Dr. Francesco Simonetti, assistant professor in the Division of Infectious Diseases, received the Director's Early Independence Award from the National Institutes of Health. Part of the NIH's High-Risk, High-Reward Research program, the award provides an opportunity for exceptional junior scientists who have recently received their doctoral degree or completed their medical residency to skip traditional post-doctoral training and move immediately into independent research positions. Simonetti's funded project is "Investigating Antigen-Driven Clonal Proliferation to Target HIV-1 Persistence."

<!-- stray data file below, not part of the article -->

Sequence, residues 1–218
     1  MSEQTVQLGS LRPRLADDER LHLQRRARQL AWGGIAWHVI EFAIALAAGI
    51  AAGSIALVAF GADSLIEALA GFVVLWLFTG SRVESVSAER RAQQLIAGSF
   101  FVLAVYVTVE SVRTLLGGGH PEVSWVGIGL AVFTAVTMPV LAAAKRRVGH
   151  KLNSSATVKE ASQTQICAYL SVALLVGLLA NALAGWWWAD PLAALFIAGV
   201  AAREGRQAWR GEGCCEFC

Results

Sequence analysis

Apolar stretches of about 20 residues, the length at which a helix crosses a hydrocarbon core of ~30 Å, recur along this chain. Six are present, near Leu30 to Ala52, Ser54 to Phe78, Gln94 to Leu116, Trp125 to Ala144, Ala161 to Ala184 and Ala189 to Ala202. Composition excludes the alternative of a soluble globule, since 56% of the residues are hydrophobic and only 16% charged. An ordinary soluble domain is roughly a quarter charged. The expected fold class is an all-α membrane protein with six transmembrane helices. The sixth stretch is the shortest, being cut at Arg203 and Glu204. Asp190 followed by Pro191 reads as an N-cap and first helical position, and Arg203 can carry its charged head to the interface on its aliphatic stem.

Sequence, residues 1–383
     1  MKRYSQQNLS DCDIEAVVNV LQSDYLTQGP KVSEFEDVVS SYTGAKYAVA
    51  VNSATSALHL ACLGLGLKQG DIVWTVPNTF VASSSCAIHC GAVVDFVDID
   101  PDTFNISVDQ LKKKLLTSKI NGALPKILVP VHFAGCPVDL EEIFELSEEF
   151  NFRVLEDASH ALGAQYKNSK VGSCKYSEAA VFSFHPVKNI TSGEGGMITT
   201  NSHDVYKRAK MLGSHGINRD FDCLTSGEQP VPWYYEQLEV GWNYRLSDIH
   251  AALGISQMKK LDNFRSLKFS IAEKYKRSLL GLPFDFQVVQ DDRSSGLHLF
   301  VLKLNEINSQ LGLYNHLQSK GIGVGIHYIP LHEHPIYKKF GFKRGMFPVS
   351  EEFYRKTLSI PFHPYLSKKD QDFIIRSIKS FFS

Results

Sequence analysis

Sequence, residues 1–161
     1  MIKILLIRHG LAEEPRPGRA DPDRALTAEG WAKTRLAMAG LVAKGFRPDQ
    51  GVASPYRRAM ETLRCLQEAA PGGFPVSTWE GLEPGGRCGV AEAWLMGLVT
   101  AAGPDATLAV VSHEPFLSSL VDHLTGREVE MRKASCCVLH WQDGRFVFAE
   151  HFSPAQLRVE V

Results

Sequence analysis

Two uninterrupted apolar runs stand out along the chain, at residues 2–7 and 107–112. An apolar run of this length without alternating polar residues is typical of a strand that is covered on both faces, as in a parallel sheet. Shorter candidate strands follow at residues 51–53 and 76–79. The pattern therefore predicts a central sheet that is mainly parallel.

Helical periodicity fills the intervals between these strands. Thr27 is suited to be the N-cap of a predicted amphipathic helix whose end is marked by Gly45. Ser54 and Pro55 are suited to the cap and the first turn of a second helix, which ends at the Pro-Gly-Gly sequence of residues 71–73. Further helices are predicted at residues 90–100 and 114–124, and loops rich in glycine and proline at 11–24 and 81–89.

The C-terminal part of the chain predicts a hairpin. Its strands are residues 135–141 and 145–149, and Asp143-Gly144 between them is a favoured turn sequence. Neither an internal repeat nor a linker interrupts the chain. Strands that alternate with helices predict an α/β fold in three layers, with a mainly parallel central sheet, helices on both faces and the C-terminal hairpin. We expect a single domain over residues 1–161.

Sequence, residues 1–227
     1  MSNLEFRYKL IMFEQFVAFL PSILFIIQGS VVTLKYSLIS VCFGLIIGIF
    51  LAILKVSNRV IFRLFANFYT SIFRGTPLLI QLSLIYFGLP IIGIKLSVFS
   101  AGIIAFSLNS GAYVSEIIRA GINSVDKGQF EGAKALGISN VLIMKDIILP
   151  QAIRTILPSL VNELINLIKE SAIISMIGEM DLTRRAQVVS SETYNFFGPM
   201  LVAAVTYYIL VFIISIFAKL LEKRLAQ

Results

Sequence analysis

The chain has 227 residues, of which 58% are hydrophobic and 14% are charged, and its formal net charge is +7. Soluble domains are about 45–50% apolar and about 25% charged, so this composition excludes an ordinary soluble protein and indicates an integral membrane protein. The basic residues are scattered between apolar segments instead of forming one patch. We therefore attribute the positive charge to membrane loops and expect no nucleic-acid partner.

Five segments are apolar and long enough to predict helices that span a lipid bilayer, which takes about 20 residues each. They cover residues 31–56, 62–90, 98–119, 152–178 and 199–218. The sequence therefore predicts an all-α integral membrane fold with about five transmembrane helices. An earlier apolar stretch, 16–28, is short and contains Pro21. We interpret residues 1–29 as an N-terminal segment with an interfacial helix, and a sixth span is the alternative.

Dr. Simonetti earned his M.D. and completed his clinical training in Infectious Diseases at the University of Milan in Italy. During his fellowship, he worked at the National Cancer Institute at the HIV Dynamics and Replication Program, where he helped to uncover the role of viral integration and cell proliferation in HIV persistence. In 2021, he earned his Ph.D. in Cellular and Molecular Medicine at Johns Hopkins University. His graduate work in the lab of Drs. Robert Siliciano and Janet Siliciano focused on the forces driving the survival and selection of HIV-infected cells. Dr. Simonetti's translational approach combines patient-centered observations and novel molecular assays to investigate virus-host interactions. He is especially interested in the clonal expansion of HIV-infected cells, which represents a major obstacle to achieving a cure for HIV. His laboratory currently focuses on how adaptive immune responses shape the dynamics and persistence of the HIV reservoir.